Approximately 54.4 percent of Zambia’s population lived below the poverty line in the year 2015; with poverty levels in rural areas recorded at 76.6 percent (CSO, 2015). Empowerment programs by government through the Citizens Economic Empowerment Commission (CEEC) and NGOs such as World Vision exist that target the socio-economic empowerment of low income homes, with special focus on previously marginalized communities such as; women, the disabled and people living with HIV/AIDS. The effectiveness of such programs however becomes sterile when the targeted community is both illiterate and lacks business management skills. Other instances occur when the marginalized citizens are given handouts from either churches, NGOs, social security or family members. While these initiatives are noble, they are unsustainable. The foregoing hence requires development of a sustainable system under which the highlighted communities can be empowered in a both sustainable and holistic manner.


The microeconomic empowerment program is an open source economic platform where experts in various professional/academic fields develop enterprise plans, educate the marginalized on enterprise management, source funds for the plans and finally hand over the enterprises to suitable management that is partially or fully composed of individuals from the target communities. The foregoing has a threefold benefit, first, the marginalized in society become economically independent, second, the participating experts do not do much of the heavy lifting at individual level and lastly, profits from these ventures operate as revolving empowerment funds.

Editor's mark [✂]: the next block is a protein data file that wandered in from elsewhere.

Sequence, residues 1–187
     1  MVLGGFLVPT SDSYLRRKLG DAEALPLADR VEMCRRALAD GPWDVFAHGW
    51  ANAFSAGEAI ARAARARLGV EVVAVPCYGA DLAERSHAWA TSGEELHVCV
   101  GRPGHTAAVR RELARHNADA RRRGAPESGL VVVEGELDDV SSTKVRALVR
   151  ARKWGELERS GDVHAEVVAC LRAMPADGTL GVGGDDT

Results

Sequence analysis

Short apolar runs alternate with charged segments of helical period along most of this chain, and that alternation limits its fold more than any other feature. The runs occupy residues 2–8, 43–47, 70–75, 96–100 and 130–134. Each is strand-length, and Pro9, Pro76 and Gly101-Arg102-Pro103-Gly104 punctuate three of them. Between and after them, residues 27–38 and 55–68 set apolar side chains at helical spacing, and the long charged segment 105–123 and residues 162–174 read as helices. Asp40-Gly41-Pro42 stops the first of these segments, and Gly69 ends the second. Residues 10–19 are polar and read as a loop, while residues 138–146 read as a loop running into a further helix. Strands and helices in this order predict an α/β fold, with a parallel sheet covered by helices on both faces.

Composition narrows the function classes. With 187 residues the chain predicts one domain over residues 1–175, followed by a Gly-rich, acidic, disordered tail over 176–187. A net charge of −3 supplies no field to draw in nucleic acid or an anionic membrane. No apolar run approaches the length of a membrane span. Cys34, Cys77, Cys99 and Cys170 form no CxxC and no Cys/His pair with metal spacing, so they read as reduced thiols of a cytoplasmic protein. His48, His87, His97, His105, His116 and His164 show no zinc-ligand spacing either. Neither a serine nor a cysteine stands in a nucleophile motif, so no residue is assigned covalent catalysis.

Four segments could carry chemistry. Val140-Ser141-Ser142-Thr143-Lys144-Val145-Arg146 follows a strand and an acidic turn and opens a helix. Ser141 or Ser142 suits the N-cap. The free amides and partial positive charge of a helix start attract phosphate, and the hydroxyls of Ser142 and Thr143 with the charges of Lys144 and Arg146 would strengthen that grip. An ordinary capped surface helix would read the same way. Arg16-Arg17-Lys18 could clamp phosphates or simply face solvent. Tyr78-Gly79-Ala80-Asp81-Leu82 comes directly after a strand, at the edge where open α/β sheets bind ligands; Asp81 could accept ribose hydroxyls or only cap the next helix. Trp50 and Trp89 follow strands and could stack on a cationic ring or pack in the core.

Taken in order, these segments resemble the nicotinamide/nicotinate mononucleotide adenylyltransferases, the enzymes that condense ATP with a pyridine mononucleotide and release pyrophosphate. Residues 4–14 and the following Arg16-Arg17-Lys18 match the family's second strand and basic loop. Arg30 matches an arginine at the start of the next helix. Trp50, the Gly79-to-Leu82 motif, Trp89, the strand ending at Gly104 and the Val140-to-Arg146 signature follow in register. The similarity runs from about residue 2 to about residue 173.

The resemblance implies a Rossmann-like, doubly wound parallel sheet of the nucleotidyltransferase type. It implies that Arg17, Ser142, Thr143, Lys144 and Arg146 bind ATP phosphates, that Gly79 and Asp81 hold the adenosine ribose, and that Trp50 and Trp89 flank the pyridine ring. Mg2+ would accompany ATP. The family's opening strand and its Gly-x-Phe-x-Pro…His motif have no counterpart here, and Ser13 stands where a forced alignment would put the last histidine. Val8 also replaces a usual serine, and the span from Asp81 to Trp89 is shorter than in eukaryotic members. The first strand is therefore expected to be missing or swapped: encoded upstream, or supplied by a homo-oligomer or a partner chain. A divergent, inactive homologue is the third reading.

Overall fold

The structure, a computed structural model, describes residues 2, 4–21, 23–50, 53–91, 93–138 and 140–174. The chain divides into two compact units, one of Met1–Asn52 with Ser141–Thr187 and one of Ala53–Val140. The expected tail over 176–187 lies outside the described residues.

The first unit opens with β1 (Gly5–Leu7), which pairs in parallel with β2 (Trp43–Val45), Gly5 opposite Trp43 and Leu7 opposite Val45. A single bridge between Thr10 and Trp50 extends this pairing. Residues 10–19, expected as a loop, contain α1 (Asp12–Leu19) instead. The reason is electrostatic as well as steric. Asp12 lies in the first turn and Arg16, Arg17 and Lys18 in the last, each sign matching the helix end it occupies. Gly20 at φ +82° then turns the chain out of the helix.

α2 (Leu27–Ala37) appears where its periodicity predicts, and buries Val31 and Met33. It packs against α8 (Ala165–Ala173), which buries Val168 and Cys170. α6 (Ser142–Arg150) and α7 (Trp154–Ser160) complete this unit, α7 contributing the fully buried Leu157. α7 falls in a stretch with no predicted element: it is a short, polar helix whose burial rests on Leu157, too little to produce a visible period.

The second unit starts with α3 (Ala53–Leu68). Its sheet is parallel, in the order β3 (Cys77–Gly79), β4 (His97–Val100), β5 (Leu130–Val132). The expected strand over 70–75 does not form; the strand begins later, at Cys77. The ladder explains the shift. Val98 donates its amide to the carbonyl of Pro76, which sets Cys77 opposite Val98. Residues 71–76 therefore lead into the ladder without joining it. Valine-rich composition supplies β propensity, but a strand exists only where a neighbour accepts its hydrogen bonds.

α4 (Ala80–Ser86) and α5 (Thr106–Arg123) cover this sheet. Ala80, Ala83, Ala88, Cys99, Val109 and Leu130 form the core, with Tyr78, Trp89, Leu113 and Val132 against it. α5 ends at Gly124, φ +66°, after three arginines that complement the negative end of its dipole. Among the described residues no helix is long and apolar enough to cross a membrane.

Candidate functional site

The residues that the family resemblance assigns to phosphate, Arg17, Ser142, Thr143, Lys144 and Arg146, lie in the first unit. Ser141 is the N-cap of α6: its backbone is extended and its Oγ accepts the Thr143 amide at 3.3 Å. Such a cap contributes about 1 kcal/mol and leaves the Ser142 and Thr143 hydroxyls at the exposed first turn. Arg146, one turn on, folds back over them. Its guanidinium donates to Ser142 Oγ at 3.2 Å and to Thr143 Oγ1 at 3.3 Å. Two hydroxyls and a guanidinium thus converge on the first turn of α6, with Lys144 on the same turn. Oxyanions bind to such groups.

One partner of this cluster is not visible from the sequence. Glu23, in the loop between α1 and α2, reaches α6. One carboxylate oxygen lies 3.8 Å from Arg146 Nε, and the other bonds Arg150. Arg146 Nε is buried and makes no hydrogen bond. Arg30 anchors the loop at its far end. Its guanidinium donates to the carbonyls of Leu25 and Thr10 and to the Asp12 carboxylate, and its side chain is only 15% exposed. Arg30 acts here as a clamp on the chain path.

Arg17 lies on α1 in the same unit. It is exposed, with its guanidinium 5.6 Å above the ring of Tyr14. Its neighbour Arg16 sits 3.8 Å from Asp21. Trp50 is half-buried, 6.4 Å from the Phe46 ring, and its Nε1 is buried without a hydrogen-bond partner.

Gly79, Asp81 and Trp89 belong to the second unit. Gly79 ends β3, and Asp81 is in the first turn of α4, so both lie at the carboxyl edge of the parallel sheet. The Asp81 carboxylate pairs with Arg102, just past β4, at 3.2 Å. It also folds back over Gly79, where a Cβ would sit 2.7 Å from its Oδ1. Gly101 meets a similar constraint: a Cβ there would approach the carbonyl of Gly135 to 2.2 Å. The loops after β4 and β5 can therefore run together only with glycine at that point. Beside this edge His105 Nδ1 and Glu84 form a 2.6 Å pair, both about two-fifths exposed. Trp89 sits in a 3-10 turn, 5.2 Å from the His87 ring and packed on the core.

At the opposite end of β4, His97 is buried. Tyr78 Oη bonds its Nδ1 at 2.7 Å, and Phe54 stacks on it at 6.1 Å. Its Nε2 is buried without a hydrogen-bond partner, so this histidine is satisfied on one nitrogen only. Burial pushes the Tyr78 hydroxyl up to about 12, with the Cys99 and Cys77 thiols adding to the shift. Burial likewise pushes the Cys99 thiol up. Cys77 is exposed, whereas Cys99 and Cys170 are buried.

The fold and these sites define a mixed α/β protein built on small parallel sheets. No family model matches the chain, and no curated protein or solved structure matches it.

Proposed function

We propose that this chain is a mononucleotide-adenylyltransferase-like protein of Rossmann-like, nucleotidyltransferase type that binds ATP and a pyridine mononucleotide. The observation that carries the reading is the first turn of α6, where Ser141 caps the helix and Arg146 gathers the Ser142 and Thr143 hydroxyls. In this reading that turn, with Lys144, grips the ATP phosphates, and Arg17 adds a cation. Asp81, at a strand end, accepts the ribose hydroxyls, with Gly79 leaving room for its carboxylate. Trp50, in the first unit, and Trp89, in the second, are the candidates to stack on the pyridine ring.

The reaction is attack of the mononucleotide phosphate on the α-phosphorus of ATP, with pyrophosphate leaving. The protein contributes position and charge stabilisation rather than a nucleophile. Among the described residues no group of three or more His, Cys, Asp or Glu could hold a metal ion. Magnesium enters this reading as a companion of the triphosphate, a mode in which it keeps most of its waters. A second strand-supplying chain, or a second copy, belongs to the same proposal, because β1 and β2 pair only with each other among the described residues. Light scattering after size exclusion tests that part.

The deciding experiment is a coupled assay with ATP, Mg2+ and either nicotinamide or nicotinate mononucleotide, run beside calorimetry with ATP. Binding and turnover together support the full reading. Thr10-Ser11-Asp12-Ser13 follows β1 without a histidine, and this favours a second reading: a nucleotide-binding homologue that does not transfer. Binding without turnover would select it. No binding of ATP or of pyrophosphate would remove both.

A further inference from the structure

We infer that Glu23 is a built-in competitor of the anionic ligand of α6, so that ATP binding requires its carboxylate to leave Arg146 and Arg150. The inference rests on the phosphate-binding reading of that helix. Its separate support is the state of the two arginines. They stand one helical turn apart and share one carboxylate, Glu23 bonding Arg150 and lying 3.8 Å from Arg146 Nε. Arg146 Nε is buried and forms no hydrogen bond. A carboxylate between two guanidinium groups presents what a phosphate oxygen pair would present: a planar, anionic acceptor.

The primary targets are the previously marginalized in society including: orphans, the disabled and people living with HIV/AIDS or terminal illnesses. The secondary targets are youths and low income households in both rural and urban areas, with special focus on empowerment of women.

Volunteer Eligibility

Anyone over the age of 16 can volunteer, provided they are able to demonstrate positive contributions to the goals.


Step 1:  The Wesbr Foundation identifies suitable microeconomic empowerment opportunities and sets up the necessary structures such as: data rooms, contact persons, acquires permissions and consents;

Step 2:  The Wesber Foundation creates an advert for the microeconomic empowerment opportunity on wesbrfoundation.org or other platform that can be verified on wesbrfoundation.org (for security purposes);

Step 3:  Volunteers fill out the Wesbr Foundation Volunteer form on wesbrfoundation.org or hardcopy;

Step 4: The Wesbr Foundation evaluates the applications and selects suitable candidates for the project;

Step 5:  The Wesbr Foundation facilitates a workshop or webminar or any orientation mechanism in which volunteers are oriented about the project; and

Step 6:  Volunteers begin the project.


The projects are principally crowd funded but may apply for project specific grants. Fund raising campaigns are initiated when projects are approved, unsolicited funds are nonetheless welcome and will strictly sit on the microeconomic empowerment account until a project is approved.